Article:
In order to reduce the cost of this print, seeing as I only needed the exterior of the object, I selected the Spiralize function under the "Expert Configuration" menu. This would print only a single layer, only a thin shell, by printing in repeated spirals upward. Most 3D printed objects are constructed with a matrix of material on the interior to support the flexible plastic. Though the cost of my print was greatly reduced, the end result would be very fragile. There would be a lot of polishing and layering of additional materials, such as epoxy, putties, and fillers in order to make this object durable enough for casting.
Step 4: Polishing & Assembly
In order to merge the two halves of my objects, I would be using a number of materials, but the most important would be Loctite plastic epoxy and Bondo all-purpose putty. The epoxy would weld the pieces together, while the putty would reinforce these joints. I would also use the putty around the bases of the vessels to add both strength and form. A downside (and the inherent nature) of the spiral printing is that it has no additional support, so objects can sometime ooze and sag mid-print. This occurred with the bottom curves of both objects, so I applied the putty around the interior and exterior of the bottom curve with a pallet knife and silicon spatula. A side note; silicon kitchen spatulas are perhaps the most useful tools I use around the studio. Their abilities, when used responsibly, are truly incredible.
After the Bondo putty fully dried in 15-30 minutes, I began sanding the course surface with 60 and then 120 grit sandpaper. In most cases, one would want to continue upping the sandpaper grit to achieve a super fine surface, but I would be applying one more substance to the outside, so perfect smoothness wasn't yet needed.
Next I lightly sanded a few areas on the objects where the printer had left marks or trails. This happens often in the spiral printing—the location where the machine shifts to the next layer often is left with a drag mark. This plastic shell is very fragile, so I just barely rubbed the surface until the severity of the imperfection was less pronounced.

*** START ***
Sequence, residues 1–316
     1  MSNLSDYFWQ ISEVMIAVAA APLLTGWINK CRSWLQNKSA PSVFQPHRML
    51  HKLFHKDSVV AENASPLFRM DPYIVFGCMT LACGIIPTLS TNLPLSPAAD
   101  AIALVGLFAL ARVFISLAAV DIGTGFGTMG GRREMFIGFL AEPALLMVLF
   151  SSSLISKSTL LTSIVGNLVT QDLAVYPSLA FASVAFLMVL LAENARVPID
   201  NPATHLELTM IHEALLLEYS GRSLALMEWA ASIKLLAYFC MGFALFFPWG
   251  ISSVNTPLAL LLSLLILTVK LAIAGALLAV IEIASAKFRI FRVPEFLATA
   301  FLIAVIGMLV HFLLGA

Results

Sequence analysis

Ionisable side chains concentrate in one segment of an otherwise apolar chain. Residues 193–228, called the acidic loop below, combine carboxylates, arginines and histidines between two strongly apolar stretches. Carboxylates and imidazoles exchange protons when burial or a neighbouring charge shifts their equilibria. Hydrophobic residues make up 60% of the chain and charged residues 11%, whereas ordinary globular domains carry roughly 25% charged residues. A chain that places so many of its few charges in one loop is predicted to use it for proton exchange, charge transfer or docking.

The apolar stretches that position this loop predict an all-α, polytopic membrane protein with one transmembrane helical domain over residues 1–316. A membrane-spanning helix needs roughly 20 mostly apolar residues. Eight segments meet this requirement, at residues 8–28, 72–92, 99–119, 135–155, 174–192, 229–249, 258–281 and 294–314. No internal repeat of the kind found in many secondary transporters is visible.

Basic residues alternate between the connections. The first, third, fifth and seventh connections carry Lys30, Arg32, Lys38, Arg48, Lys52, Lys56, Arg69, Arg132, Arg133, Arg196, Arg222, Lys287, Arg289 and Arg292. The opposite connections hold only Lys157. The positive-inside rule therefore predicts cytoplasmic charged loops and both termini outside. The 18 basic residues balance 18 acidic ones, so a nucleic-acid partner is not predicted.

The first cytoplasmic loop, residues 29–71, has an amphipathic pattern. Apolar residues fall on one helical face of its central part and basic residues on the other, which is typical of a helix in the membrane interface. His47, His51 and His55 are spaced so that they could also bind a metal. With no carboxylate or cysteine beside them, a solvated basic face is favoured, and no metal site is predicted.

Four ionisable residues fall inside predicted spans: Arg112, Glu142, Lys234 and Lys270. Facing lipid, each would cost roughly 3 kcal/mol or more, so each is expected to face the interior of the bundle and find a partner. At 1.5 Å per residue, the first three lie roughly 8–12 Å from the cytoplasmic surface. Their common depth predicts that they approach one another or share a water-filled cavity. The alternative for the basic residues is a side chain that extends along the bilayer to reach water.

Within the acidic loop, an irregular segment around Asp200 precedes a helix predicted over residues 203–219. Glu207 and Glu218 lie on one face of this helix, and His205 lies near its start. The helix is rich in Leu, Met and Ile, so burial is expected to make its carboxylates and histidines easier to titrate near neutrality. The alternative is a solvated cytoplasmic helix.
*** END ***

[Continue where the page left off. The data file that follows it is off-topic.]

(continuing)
For connecting the two halves, I mixed my two-part epoxy and applied a small amount to the fusing edges. then I adhered some tape strips to the top half and lowered it onto the bottom segment. I alined each of the edges and pressed on the tape to keep it in place. The two edges didn't line up perfectly—likely a result of some imperfections in the printing—so I would be using the Bondo again to reinforce the seam and to smooth out the uneven joint.
Step 5: An Instance of Chance
As a last stage before casting my molds, I decided to attempt to coat the objects in Durham's Water Putty. I was hesitant because I was unsure if the putty would bond well to the plastic. Durham's is a powdered wood filler that is made by combination with water. I hoped that coating the object with reinforce the surface—because the printed plastic was still slightly flexible—as well as remove the ridges of the printing and replace it with a unique painterly texture.
I applied the Durham's and let the objects sit over night. But as I had feared, the putty cracked off in large chunks, leaving a vastly uneven surface. My initial response was aggravation, but I quickly realized that it was actually a beautiful instance of chance in the artistic process. The 3D printed surface wouldn't allow me to lie about its nature, it needed to be revealed. So I decided to cast them as-is.
Step 6: Casting Plaster
Plaster is a challenge—especially in a large quantity. I was going to need a lot of plaster for these molds, and I would need to pour it in many batches, which left a lot of room for error and lack of consistency between different mixtures. This was by far the most labor intensive stage of the process.
In order to cast these molds, I'd be using clay, foam, and plywood to position the objects and pour the plaster for optimal clip-casting. I could've done a lot to reduce the quantity of plaster by lobbing-off unneeded sections, but I choose to forgo these steps in order to get the molds made quicker. I would regret these decisions when it was time to lift and pour the molds in the slip casting process.